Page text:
14. 14. AUSTRALIAN JOURNAL OF MANAGEMENT June 2000 6. Conclusions This paper has tested the ex ante efficiency of a number of Australian stock market indices with respect to a number of different investment sets. This corresponds to testing whether a particular index can be ‘beaten’ by an active investor in the long run. It is important to note that the analysis in the paper is presented within the mean-variance paradigm. The results may not be valid within an alternative risk- return model which incorporates, for example, higher moments of the distribution of returns. It should also be noted that if a particular benchmark index is found to be ex ante inefficient, the implication is that it is possible for an active investor to beat the benchmark in the long run. However, this possibility may be remote from a practical standpoint, especially when the ex ante inefficiency of the benchmark implies large weightings in short positions. Over the period January 1980 to October 1996 the All Ordinaries Accumulation Index was found to be ex ante inefficient with respect to industry weighting strategies when short selling was unrestricted. However, a similar conclusion could not be drawn when short selling was restricted. In fact, in all of our tests when short selling was restricted, the ex ante efficiency of the relevant benchmark could not be rejected. The mining/resources sector significantly under-performed the industrial sector over our sample period. When this result is combined with the earlier results of Ball and Brown (1980), the Australian resources sector has significantly under- performed the industrial sector in mean-variance space for almost 40 years. Further, the GRS test indicates that in the absence of large-scale short selling, the All Industrials Accumulation Index was ex ante efficient with respect to itself and the mining/resources indices. The conclusion is that in an ex ante sense an investor could not enhance the performance of the All Industrials Index by including investment in the mining/resources sector. Similarly, the property sector, as represented by the Property Trust Accumulation Index, added nothing in an ex ante sense to the industrial sector, regardless of whether or not short selling was restricted. These results have important implications for both active and passive investors. For investors assessing the performance of an active fund manager, the industrial index (ex property trusts) was a more efficient benchmark than a broader market benchmark which included the resources or property sectors. Similarly, the industrial index (ex property trusts) was the better portfolio for a passive investor to seek to emulate. These results must seriously question the widespread fund performance standard of benchmarking the market portfolio as the All Ordinaries Accumulation Index. The results of the paper also have implications for the use of the Capital Asset Pricing Model in investment performance evaluation, since the CAPM assumes that the market portfolio is efficient. For example, Dybvig and Ross (1985) have shown that if betas are calculated using an inefficient market proxy, assets that under- perform the benchmark in mean-variance space can exhibit apparent abnormal performance in mean-beta space. The result that a benchmark (with unrestricted short selling) is ex ante inefficient is a double-edged sword for active investors. It gives them hope of out-performing the benchmark, yet deprives them of an appropriate evaluation method for assessing whether or not this has been done. – 14 –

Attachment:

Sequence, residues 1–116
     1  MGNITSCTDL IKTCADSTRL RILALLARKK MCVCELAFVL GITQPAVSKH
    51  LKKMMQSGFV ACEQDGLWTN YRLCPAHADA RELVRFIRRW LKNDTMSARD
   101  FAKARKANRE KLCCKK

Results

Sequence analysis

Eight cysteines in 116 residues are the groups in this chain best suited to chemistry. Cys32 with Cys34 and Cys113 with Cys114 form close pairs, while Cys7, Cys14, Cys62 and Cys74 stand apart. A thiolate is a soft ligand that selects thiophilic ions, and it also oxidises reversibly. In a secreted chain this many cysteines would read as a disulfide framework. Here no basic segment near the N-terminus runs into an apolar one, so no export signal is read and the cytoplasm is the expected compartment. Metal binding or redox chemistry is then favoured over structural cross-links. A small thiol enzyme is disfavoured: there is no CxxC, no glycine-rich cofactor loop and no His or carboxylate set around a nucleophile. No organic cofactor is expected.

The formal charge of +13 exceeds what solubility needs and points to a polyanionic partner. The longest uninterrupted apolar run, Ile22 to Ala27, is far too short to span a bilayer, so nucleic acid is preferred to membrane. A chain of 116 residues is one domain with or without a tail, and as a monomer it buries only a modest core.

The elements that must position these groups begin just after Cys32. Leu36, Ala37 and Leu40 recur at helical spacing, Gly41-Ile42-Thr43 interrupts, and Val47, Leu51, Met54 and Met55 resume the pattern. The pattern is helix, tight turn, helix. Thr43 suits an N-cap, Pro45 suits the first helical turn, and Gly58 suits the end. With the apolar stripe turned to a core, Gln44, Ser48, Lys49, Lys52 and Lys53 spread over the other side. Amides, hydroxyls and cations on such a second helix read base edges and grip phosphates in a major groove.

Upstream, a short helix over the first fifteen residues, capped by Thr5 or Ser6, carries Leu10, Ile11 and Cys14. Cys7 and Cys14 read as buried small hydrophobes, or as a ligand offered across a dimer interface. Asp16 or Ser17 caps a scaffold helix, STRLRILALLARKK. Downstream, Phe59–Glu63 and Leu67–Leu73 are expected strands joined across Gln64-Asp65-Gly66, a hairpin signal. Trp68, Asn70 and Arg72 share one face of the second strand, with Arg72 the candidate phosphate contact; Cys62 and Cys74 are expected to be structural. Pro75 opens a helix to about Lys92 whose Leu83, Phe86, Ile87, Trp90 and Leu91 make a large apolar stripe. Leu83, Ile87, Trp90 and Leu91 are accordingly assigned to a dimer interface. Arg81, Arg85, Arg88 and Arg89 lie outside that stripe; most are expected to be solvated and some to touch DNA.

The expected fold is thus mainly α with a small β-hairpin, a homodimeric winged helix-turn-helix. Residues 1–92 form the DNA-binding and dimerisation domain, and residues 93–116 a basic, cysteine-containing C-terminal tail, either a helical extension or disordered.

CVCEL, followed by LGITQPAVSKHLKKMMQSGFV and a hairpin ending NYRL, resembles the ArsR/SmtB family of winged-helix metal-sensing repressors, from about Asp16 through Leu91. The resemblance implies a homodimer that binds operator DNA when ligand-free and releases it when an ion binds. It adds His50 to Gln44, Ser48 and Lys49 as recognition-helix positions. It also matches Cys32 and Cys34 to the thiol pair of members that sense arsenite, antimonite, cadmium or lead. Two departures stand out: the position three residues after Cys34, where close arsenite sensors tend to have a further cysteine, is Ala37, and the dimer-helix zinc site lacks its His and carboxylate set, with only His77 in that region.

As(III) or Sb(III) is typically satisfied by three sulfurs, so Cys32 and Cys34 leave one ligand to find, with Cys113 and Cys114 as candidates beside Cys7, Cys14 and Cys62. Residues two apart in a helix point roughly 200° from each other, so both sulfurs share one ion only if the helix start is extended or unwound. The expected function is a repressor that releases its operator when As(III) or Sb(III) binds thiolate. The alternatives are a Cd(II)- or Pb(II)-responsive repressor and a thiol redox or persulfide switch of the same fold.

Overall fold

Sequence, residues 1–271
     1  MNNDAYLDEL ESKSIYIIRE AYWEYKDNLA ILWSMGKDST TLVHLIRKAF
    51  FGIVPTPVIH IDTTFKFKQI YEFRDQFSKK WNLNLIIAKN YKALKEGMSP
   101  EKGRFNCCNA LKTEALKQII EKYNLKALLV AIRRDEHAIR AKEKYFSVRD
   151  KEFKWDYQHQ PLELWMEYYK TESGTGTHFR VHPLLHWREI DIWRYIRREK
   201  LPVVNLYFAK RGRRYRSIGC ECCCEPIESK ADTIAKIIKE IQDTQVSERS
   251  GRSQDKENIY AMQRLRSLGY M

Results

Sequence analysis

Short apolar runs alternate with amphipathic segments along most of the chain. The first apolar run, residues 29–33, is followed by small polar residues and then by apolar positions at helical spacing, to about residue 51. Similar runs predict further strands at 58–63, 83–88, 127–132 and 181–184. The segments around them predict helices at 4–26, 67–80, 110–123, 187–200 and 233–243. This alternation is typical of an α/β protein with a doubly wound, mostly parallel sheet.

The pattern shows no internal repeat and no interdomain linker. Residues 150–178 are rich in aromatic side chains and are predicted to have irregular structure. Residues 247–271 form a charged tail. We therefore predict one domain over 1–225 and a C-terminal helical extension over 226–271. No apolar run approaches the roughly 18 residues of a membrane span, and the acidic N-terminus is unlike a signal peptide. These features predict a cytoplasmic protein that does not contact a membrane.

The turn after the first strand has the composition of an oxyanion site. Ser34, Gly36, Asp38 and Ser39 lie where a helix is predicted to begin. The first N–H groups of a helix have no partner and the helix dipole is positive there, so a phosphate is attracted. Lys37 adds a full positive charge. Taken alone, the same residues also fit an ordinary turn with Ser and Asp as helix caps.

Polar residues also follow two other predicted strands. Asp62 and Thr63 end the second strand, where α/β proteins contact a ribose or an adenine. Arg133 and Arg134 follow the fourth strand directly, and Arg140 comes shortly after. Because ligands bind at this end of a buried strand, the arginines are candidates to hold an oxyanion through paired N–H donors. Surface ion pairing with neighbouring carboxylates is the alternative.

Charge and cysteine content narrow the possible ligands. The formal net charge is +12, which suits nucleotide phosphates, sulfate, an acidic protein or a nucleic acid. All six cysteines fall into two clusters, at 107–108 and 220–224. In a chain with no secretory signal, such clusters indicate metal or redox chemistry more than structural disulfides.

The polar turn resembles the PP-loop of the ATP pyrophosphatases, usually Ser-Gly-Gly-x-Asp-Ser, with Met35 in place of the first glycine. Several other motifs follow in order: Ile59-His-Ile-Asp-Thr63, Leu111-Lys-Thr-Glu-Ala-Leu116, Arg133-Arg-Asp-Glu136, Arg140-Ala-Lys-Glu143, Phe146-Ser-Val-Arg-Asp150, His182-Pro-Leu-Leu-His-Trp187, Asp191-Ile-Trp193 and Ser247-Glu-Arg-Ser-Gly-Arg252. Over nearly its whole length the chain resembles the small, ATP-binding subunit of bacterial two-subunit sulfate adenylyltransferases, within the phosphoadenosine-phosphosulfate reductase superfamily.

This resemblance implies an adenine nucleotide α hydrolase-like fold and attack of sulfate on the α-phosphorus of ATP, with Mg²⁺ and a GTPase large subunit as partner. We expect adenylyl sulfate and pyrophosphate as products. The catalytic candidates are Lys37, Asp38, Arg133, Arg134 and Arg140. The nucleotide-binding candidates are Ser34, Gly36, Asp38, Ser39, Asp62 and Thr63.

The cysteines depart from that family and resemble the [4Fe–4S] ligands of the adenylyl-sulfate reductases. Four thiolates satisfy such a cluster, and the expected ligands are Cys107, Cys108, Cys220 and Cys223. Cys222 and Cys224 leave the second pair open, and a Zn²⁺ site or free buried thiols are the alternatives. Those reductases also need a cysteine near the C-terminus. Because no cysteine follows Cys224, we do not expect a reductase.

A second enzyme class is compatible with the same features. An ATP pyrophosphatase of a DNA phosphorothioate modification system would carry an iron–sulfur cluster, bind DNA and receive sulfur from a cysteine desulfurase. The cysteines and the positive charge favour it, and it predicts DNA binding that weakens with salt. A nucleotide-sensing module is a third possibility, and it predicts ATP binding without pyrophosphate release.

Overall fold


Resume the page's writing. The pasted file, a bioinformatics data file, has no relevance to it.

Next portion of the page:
15. 15. Vol. 25, No. 1 Finn & Koivurinne: AUSTRALIAN STOCK MARKET BENCHMARKS Further studies could extend this paper to investment contexts other than the industry weighting strategies tested here. Given that the GRS test gives a measure of unconditional efficiency, similar hypotheses could be tested for conditional efficiency where asset betas and residual variances are allowed to vary over time.10 (Date of receipt of final transcript: February, 2000. Accepted by Stephen Gray, Area Editor) References Ball, R. & Bowers, J. 1986, ‘Shares, bonds, treasury notes, property trusts and inflation: Historical returns and risks, 1974–1985’, Australian Journal of Management, vol. 11, no. 2, pp. 117–37. Ball, R. & Brown, P. 1980, ‘Risk and return from equity investments in the Australian mining industry: January 1958–February 1979’, Australian Journal of Management, vol. 5, nos. 1 & 2, pp. 45–66. Dybvig, P. & Ross, S. 1985, ‘The analytics of performance measurement using a security market line’, Journal of Finance, vol. 40, no. 2, pp. 401–16. Ferson, W., Kandel, S. & Stambaugh, R. 1987, ‘Tests of asset pricing with time-varying expected risk premiums and market betas’, Journal of Finance, vol. 42, pp. 201–20. Fletcher, J. 1994, ‘The mean-variance efficiency of benchmark portfolios: U.K. evidence’, Journal of Banking and Finance, vol. 18, pp. 637–85. Gibbons, M., Ross, S. & Shanken, J. 1989, ‘A test for the efficiency of a given portfolio’, Econometrica, vol. 57, no. 5, pp. 1121–52. Grinold, R.C. 1992, ‘Are benchmark portfolio’s efficient?’ The Journal of Portfolio Management, vol. 19, no. 1, pp. 34–40. Kandel, S. & Stambaugh, R. 1987, ‘On correlations and inferences about mean-variance efficiency’, Journal of Financial Economics, vol. 18, pp. 61–90. Richardson, M. & Smith, T. 1993, ‘A test for multivariate normality in stock returns’, Journal of Business, vol. 66, no. 2, pp. 295–321. Shanken, J. 1990, ‘Intertemporal asset pricing: An empirical investigation’ Journal of Econometrics, vol. 45, pp. 99–120. 10. For example, see Ferson, Kandel and Stambaugh (1987) and Shanken (1990). – 15 –